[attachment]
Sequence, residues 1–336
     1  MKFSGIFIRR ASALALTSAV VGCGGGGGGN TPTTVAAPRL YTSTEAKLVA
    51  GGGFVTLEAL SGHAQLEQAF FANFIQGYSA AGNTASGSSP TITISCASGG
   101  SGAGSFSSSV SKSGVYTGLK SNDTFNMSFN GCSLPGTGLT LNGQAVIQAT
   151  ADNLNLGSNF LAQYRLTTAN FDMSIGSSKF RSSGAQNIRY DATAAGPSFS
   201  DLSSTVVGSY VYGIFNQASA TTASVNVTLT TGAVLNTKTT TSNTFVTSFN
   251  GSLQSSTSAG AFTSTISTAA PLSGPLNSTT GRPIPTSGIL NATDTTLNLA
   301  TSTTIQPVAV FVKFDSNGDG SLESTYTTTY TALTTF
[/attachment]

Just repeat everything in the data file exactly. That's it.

Sequence, residues 1–336
     1  MKFSGIFIRR ASALALTSAV VGCGGGGGGN TPTTVAAPRL YTSTEAKLVA
    51  GGGFVTLEAL SGHAQLEQAF FANFIQGYSA AGNTASGSSP TITISCASGG
   101  SGAGSFSSSV SKSGVYTGLK SNDTFNMSFN GCSLPGTGLT LNGQAVIQAT
   151  ADNLNLGSNF LAQYRLTTAN FDMSIGSSKF RSSGAQNIRY DATAAGPSFS
   201  DLSSTVVGSY VYGIFNQASA TTASVNVTLT TGAVLNTKTT TSNTFVTSFN
   251  GSLQSSTSAG AFTSTISTAA PLSGPLNSTT GRPIPTSGIL NATDTTLNLA
   301  TSTTIQPVAV FVKFDSNGDG SLESTYTTTY TALTTF